3. marantha is right that freedom of speech is ultimately what’s at stake here. if allowed to stand, this ruling raises the possibility that de facto censorship aka filtering, will be legally allowed as a fair business practice.

    but its confusing that obama is referred to as a “puppet” who wants to end free speech when the opposite is actually true. Obama has been one of the staunchest advocates for Net Neutrality thusfar, and under his administration, the FCC was appearing to shake off the pro-corporate stance of the Bush administration and act for the public interest, which is what they are supposed to do.

    but there are a few things which should be pointed out about this case:
    1) the ruling was on a 2008 case over Comcast restricting BitTorrent files, not on the FCC’s proposed broadband plan.
    2) in fact, this ruling isnt so much of a victory for Comcast as it might initially seem. it merely outlines the limitations of the FCC’s authority under current guidelines.
    3) prior to the ruling, any sweeping mandate by the FCC over broadband policy was in a bit of a legal gray area.
    4) Comcast was in violation of the FCC’s Internet policy of 2005, but that policy lacked the teeth necessary to enforce it.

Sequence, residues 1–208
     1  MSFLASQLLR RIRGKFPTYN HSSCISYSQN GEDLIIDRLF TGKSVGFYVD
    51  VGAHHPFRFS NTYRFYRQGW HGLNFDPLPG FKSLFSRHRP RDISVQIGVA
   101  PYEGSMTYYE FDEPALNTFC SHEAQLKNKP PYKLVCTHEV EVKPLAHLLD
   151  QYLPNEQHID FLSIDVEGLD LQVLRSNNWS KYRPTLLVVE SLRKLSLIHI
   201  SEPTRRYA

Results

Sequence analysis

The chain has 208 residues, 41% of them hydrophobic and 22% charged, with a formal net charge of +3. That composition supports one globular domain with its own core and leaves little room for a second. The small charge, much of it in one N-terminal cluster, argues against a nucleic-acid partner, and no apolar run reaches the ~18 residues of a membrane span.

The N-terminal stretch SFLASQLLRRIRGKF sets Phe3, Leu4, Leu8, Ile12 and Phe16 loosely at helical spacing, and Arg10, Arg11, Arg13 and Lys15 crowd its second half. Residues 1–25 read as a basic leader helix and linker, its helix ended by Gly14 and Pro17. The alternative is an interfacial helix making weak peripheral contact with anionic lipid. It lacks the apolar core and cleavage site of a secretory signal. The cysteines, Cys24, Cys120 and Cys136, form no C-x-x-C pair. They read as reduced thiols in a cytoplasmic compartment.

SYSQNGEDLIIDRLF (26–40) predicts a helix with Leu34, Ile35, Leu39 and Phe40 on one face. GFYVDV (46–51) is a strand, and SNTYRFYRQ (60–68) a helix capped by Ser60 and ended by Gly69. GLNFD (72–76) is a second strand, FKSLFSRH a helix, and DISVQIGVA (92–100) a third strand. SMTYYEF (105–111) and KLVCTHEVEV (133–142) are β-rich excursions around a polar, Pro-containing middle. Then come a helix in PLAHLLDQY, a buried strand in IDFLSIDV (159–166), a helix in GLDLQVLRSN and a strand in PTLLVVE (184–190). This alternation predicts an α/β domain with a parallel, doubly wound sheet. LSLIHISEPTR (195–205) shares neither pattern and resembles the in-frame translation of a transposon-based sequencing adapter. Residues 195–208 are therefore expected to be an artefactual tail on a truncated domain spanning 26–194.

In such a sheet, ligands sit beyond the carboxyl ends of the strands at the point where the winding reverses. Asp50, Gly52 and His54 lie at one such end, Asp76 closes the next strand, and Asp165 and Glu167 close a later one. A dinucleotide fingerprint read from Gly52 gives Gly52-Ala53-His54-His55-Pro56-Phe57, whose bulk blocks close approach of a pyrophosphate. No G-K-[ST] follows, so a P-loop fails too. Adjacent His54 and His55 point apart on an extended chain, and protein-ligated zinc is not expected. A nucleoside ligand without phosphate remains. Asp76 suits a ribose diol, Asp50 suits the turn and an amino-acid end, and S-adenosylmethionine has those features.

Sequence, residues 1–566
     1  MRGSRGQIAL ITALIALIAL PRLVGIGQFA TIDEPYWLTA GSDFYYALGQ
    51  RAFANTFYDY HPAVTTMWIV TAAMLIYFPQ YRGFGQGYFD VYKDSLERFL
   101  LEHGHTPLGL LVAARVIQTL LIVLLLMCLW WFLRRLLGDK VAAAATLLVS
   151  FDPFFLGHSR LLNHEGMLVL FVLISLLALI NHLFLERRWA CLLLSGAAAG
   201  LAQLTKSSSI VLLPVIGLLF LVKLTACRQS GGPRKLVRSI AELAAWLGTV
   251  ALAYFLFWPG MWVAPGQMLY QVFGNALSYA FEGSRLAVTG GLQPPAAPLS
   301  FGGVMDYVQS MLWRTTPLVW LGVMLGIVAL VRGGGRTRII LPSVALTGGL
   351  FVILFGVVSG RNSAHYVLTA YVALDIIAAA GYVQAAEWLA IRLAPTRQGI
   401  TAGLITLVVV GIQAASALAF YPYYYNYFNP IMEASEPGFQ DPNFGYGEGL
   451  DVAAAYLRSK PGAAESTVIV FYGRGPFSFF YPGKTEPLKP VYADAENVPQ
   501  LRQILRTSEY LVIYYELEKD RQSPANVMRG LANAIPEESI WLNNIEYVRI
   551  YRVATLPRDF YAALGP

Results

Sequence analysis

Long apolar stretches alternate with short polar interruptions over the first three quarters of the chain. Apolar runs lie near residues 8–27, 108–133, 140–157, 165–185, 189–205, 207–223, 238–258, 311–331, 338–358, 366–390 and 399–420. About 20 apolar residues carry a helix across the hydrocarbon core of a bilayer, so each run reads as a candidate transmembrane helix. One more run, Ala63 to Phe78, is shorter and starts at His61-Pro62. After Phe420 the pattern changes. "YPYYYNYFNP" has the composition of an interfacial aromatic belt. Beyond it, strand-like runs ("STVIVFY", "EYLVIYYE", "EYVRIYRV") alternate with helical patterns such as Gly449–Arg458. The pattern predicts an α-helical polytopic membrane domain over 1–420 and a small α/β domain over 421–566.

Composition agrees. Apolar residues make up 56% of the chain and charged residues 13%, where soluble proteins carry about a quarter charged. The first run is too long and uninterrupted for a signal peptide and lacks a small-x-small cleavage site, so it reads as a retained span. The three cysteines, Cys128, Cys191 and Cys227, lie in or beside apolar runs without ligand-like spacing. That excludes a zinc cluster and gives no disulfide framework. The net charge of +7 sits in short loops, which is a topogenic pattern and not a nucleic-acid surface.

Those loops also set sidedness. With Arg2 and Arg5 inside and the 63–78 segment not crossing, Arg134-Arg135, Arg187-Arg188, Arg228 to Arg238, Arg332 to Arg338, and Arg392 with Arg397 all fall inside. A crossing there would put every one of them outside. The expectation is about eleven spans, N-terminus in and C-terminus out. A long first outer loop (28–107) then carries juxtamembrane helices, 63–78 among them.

5)The FCC now knows what it must do–prevail on Congress to amend current law and/ or appeal to the Supreme Court.
    6) ultimately, this will be a test of public interest vs. corporate interest. yet the public interest is backed by the First Amendment, and when you frame the argument in that context, any threat to that is a threat to the Constitution itself, which is what gives the Supreme Court its authority in the first place.
    7) the Obama administration clearly recognizes the importance of this issue, as well as the need for the FCC to take a more active role in shaping telecommunications policy, to ensure that access and fairness are upheld. So giving NN more gravitas by granting more power to the FCC to regulate broadband companies will likely be a top priority of the domestic agenda over the next two years.